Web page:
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Millennium Post

Nepal plunged into deep crisis

Nepal’s chief justice, Khilraj Regmi, also the head of government has implied that the elections cannot take place in early June this year. It has already been sometime since the government was installed. However, the government has not been able to announce the election date as yet.

Nepal seems rather lackadaisical about the democratic process. Since 2008, a large number of deadlines have been missed and yet the political class seems least perturbed. The first Constituent Assembly could not accomplish its task of promulgating the constitution even in four years and hence the need for a second one. Elections are the very essence of any democracy and the manner in which the four major political parties, the UCPN-Maoist, Nepali Congress, CPN-UML and Madhesi Morcha, failed to respect peoples’ mandate is a proof of a political class that has scant respect for people.

The decision of the political forces to appoint sitting chief justice as the head of the new election government has added insult to injury. They have combined the judiciary and legislative powers, violating the very essence of democracy and creating a clear cut barrier between executive, legislature and judiciary.

The country has a dismal growth rate below four per cent, civic amenities are poor, and business is suffering. An important indicator is the business community which has scaled down production since last year as the government has failed to control extortion, abductions and killings of business leaders.

Opinion polls indicate that the people of Nepal are annoyed and may throw up a big surprise much to the chagrin of the big four political parties. One of the vilest causalities in Nepal’s politics is that the civil society may have got divided very badly. As a reflex mechanism India bashing continues to be a favourite sport but Nepal needs to look within as to why all the political parties and the Maoist with a clear mandate could not promulgate a constitution and now have gone in for a debatable solution in a democracy where a sitting chief justice heads the council of ministers.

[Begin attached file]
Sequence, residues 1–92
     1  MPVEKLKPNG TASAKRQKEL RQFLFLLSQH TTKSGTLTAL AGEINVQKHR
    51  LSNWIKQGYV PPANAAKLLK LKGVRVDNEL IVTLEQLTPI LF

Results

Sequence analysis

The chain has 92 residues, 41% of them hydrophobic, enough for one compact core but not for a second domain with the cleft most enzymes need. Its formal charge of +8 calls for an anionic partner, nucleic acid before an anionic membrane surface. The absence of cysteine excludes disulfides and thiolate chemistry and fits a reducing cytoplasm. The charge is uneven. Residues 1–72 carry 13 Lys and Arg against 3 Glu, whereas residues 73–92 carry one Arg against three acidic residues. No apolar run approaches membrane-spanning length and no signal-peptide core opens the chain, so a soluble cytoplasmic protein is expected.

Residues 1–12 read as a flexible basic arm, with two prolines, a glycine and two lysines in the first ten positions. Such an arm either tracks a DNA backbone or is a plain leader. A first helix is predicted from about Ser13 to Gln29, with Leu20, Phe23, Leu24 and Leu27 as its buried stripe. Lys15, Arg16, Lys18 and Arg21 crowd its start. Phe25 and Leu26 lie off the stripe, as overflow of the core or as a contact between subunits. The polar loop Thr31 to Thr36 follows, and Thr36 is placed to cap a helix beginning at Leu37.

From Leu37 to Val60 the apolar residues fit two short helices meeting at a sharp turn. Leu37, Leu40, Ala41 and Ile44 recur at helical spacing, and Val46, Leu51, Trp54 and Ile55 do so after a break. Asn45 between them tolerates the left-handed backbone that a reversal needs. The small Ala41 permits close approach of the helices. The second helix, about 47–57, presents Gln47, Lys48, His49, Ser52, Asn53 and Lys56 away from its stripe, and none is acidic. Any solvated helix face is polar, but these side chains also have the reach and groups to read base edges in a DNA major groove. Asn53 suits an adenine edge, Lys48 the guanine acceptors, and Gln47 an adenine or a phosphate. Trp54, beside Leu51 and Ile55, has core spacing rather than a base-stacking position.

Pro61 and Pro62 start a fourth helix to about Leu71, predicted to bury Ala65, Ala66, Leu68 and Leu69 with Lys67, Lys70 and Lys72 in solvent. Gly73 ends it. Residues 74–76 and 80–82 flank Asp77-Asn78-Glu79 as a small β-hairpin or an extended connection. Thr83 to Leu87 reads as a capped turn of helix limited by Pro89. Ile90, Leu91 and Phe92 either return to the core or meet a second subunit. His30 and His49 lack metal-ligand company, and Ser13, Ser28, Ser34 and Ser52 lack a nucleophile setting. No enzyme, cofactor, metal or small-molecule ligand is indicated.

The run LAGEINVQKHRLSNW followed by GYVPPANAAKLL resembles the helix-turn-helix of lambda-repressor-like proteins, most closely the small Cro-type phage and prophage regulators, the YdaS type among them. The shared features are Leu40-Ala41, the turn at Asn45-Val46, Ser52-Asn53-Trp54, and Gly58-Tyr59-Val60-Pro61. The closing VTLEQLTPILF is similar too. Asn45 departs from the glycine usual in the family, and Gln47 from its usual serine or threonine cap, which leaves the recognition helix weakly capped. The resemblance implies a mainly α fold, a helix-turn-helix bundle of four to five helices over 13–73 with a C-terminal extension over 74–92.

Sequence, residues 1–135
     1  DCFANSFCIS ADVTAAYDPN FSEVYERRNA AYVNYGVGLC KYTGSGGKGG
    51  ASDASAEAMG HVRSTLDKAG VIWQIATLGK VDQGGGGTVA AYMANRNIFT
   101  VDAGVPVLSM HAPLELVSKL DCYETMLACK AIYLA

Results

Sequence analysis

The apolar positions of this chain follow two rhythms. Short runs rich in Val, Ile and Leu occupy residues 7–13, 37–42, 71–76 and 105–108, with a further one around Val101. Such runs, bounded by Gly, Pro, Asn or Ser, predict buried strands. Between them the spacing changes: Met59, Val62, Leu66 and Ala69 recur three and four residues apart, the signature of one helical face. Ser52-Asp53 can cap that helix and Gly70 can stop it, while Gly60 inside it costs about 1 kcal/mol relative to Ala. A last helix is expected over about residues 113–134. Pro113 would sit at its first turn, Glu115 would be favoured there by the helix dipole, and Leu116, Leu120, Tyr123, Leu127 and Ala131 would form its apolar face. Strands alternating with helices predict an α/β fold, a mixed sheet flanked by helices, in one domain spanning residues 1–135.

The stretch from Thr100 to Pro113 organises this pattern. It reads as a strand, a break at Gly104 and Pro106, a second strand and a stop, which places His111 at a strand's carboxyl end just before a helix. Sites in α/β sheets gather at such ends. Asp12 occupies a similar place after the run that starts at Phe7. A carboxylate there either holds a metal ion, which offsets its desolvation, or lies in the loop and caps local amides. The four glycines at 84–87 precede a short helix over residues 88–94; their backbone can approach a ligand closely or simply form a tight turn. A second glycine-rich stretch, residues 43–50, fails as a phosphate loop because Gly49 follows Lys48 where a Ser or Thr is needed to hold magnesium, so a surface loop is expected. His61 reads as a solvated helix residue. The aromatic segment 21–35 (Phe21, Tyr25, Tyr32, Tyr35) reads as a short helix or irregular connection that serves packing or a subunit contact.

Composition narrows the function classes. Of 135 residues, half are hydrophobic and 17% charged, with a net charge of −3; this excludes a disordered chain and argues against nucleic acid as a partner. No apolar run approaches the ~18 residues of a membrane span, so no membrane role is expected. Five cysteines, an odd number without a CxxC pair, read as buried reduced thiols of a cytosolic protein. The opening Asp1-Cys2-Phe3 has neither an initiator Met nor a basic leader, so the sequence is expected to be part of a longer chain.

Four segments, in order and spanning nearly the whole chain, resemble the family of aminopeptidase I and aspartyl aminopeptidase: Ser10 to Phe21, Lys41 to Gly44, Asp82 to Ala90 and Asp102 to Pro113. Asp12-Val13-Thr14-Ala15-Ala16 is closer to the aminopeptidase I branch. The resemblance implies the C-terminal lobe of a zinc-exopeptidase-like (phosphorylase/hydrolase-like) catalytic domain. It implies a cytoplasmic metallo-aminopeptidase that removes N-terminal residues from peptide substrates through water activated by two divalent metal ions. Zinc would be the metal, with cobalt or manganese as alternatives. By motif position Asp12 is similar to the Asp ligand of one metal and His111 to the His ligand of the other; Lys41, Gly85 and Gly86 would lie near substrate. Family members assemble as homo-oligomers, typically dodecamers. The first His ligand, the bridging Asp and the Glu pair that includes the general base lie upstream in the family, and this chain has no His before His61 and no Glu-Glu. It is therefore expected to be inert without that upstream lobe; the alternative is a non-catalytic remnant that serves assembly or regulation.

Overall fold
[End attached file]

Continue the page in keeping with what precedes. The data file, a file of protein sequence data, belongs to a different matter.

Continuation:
Nepal is split roughly between the big four and the other political parties. The big four feel the current arrangement is conducive for elections while the other side of the divide that consists of 33 political parties along with the splinter group from the Maoist are against this decision. They want a level playing field and a political prime minister.

There are a host of problems but the question remains – is the country really ready for elections and does it believe that it can deliver a verdict wherein it does not face the same set of problems again? The political process which is vital for democracy is currently being stymied by the intransigent stand of various parties. The 33 party alliances is out on the street. They and a large number of people feel that the chief justice should step down. Both India and China ensure that Nepal does not draw a lot of international flake, thus are the political parties in Nepal pushing the envelope a little too much?

The Chinese are making steady inroads into Nepal. Recently, Chairman Pushpa Kamal Dahal met Chinese President Xi Jinping irrespective of the conditions back home. They, as reported, discussed four main issues – economic development, bilateral ties, free Tibet movement and the special relationship between the Communist Party of China and the Maoists in Nepal. China is very vulnerable to the Tibetan cause and the Maoists are exploiting it to the hilt.

Such a meeting, prior to elections, between the head of a political party in India and a foreign country say America would not be possible as the moral code of conduct would be effective. What if the elections are not held on time.

The blame will then fall squarely on the shoulder of the chief justice. Thus a section of the judiciary will be up in arms. This way the political class has managed to insulate itself and the office of the prime minister of Nepal has become a game of musical chairs. The political class in Nepal is thinking of party or itself first and people later.

If the elections are held on time, the post-election scenario may be full of surprises. One of the expected scenarios is that the big four will continue to dominate. Another scenario may hold surprises. Some other party may well gain ground, people may show their annoyance which will be a welcome change and may well show the power of the electorate which is what democracy is all about.

The thorny issue remains, if there is any guarantee that the constituent will be drafted. But above all people power should not be under estimated.

The author is a retired brigadier
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